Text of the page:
The Obama Administration’s new space exploration policy is on track. Last week the House Science and Technology Committee approved its version of a NASA authorization bill. The bill largely parallels a bill passed by a Senate committee earlier this month. Also moving this month was the Senate’s FY 2011 NASA appropriations bill that would provide the necessary funding to implement the Administration’s policy. A House committee’s version of the appropriations bill provided the full exploration request, but would not make it available for expenditure until a new authorization bill is enacted.
On Wednesday the Science Committee reported its bill to the full House. This latest development is yet another indication of how far the Administration’s exploration policy has progressed since NASA sent its FY 2011 budget request to Congress on February 1. This request included the Administration’s proposal to cancel the Constellation Program and to rely instead on commercial transportation services to the space station. Commenting on that proposal Science Committee Chairman Bart Gordon (D-TN) then said “the space agency’s budget request represents a radical departure from the bipartisan consensus achieved by Congress in successive authorizations over the past five years.” The committee’s Ranking Republican Ralph Hall (R-TX) was more critical, declaring “I am alarmed that this administration is planning to reject all that we have accomplished and instead rely on a risky new initiative to buy commercial crew services from companies that, in some cases, have little-to-no track record developing space systems.”
Initial hearings on this proposal did not go well, with senators and representatives from both parties voicing serious reservations and at times outright hostility to the new policy. President Obama’s speech at the Kennedy Space Center redefined his proposal, giving Florida Senator Bill Nelson (D) the opportunity to work with his colleagues on further modifications. The first public indication of a compromise was a mid-June letter from Nelson to Senator Barbara Mikulski (D-MD), chair of the appropriations subcommittee with jurisdiction over NASA’s budget, in which he described the draft of an authorization bill that “will prove consistent with several of the President's priorities.”
The Science Committee markup of the 17,000 word bill last week took a different course than did the Senate markup of its companion bill. The Senate committee considered its version of this bill at the same time as two other bills and a Coast Guard nomination, and was over in less than 40 minutes. That July 15 markup consisted mostly of various senators expressing their support for the bill, and expressions of thanks to the committee staff and other members for achieving a bipartisan consensus on the legislation. The bill passed by a voice vote without dissent.
In contrast, last week’s Science Committee markup took six hours (including breaks for voting on the House floor), and began with thirty amendments to be considered. Gordon spoke of the “hard choices” the committee members made in the formulation of the bill, adding “I . . . want to ensure that NASA’s missions are matched to available resources. As a result, some of the ‘nice-to-haves’ have had to be deferred, and worthy activities have been funded at lower levels than some of us would like. Nevertheless, I think the legislation before us sets a clear, sustainable, and executable path for NASA, especially in the area of human space flight.” Ranking Member Hall expressed his support for the bill, commenting that “Given the budget constraints as well as the turmoil surrounding the direction of our human space flight program, it is vitally important that this good piece of legislation be enacted as soon as possible. I support this bill and I urge all Members to lend their support as well. It’s important we get this legislation through Congress and to the President.” The press release issued by the committee’s Republican Caucus took a more critical approach on the relationship between the Administration’s proposal and the committee’s bill, calling the voice vote approving the legislation “a bipartisan repudiation of Obama’s plan for human spaceflight.”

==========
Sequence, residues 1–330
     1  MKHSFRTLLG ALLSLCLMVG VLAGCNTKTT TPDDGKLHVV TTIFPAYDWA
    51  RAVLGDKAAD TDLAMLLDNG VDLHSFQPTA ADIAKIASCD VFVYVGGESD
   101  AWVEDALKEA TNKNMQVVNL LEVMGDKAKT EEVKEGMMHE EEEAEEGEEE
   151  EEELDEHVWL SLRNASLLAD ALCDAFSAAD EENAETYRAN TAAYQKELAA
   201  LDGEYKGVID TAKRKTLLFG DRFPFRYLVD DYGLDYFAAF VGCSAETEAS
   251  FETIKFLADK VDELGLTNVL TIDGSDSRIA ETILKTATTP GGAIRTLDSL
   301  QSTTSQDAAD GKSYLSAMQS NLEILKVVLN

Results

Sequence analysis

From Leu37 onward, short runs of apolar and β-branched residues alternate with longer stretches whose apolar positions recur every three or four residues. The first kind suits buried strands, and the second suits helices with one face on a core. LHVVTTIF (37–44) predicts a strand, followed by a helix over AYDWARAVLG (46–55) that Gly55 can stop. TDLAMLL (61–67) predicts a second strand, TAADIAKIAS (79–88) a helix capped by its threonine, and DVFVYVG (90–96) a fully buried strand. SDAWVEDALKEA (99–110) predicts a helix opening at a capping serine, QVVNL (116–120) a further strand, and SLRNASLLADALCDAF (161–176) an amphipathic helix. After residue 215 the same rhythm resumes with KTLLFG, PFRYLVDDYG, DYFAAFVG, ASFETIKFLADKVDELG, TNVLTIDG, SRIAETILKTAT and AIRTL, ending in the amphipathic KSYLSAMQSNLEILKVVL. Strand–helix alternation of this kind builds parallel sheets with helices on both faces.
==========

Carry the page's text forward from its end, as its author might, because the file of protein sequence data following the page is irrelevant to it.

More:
Gordon found fault with previous efforts, saying “in all candor” the Constellation Program would have resulted in a “balloon mortgage,” something which he said the Administration’s proposal and the Senate bill would also do. It is important to get the numbers right, he said, reminding his colleagues that their “passion” for space is not shared by all Members of Congress.
The committee’s consideration of the thirty amendments resulted in, as expected, different outcomes. Several amendments were withdrawn. Members of the same party disagreed during votes on other amendments. The wording of what was a controversial amendment was modified, resulting in it being adopted by voice vote. A Republican amendment to reduce the bill’s authorization period from five to three years was supported by Gordon and approved by a voice vote.
During the markup Gordon expressed hope that the bill would be considered by the House this week in preparation for a future conference with the Senate to resolve differences between the two bills. The House is leaving Washington later today, and will not return until mid-September. The Senate will start on its summer recess at the end of the next week.
After six hours the last of the amendments had been considered, and Gordon and Hall moved to pass H.R. 5781 as amended and to report it to the full House. Both motions were approved by voice votes. In concluding the hearing, Gordon praised his colleagues and committee staff on a “job well done.” “This is not a perfect bill,” he said, adding “We do not have the perfect amount of money.”